The technical office and the working team were responsible for the management, construction, maintenance and demolition of all the interventions, in keeping with a fixed budget, and working independently from the other municipality services. The interventions enjoy a special status in comparison with the rest of the city’s public space. Although they can be considered part of the public domain, many of them are not built on public land, but rather on private property. At any time, the lot owner has the right to build and the technical office is responsible for dismantling the intervention with the help of the working team contracted by Zaragoza Vivienda.
The strategy is based on the temporary activation of inactive parts of the city. In periods of economic crisis, the time span during which empty plots remain inactive is extended. Flexible strategies based on the temporary occupation of empty lots create a rapid positive effect in dense urban environments. However, at the same time they require a flexible management structure that is capable of reacting quickly.
In 2009, the technical office of “This is not a vacant lot” had the priority to develop the vacant lots located in Saragossa’s historic center, following a pedestrian route that was designed to link them. Even though most of the lots were privately owned, the strategy was very successful and the number of realized interventions grew at a frenetic pace.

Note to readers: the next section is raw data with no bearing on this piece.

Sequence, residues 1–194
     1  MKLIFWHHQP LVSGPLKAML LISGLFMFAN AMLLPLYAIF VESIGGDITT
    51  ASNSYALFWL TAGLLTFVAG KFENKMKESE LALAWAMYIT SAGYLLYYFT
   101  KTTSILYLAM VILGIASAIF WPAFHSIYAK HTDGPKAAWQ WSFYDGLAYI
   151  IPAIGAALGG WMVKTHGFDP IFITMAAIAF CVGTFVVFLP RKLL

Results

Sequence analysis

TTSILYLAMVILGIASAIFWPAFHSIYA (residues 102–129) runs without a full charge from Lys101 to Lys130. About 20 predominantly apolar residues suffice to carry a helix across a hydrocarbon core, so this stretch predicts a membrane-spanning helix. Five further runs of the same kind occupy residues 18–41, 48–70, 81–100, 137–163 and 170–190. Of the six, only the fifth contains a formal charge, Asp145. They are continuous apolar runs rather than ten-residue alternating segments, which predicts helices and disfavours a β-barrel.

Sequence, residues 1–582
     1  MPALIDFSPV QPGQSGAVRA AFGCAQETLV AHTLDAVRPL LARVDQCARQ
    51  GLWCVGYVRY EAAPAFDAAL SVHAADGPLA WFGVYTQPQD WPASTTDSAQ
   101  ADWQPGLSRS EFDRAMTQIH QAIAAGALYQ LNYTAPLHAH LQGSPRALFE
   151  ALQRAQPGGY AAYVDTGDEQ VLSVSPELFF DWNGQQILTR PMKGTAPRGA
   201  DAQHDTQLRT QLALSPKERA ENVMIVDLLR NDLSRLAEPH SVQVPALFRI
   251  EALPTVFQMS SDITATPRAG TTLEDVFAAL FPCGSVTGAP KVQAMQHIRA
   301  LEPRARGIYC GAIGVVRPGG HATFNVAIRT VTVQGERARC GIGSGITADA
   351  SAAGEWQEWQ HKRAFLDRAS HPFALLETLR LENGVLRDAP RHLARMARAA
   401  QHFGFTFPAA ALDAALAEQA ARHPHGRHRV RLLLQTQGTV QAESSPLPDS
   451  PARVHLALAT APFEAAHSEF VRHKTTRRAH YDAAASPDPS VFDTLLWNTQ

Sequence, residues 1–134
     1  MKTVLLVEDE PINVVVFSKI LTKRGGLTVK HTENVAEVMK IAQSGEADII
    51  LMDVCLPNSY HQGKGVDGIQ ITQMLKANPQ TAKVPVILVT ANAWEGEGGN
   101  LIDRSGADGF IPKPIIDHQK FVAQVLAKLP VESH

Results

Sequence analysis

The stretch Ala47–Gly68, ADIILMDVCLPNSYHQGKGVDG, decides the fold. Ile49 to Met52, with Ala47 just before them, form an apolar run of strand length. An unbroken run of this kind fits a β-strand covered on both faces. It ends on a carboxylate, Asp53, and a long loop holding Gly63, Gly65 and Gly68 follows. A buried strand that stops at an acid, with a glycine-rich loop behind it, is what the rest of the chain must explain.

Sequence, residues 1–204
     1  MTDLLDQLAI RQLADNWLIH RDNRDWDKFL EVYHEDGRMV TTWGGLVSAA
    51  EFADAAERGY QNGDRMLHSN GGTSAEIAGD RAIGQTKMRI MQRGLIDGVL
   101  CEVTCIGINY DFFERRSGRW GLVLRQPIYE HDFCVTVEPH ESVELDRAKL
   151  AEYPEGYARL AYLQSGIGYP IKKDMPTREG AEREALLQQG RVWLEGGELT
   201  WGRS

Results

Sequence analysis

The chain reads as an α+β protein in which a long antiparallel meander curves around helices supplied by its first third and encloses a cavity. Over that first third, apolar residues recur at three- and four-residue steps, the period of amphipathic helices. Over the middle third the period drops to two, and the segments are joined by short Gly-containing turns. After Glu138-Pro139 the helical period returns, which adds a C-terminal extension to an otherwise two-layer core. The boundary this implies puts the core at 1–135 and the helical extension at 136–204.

In 2010, the project was already very popular and it was extended to other areas of the city. The interventions were carried out chronologically, based on the order in which requests from the city’s different district councils were received. The technical office also proposed a number of public plots to house interventions, which were interesting because of their strategic positions within Saragossa’s urban structure such as the river front, or others because they were important for reinforcing the network of interventions.
The interventions’ lifespan is variable and depends on the availability of the lots. The long-term scenario foresees a stable strategy based on a variable number of interventions, which change location within the urban structure of the city depending on the gradual construction on empty lots and the creation of new ones.
Use of public space
The strategy “This is not a vacant lot” has resulted in a general improvement in the use of public space in the city of Saragossa. First, because it created public areas in a dense urban city center and second, because these areas were successfully programmed with activities related to the needs of people who live in those neighborhoods.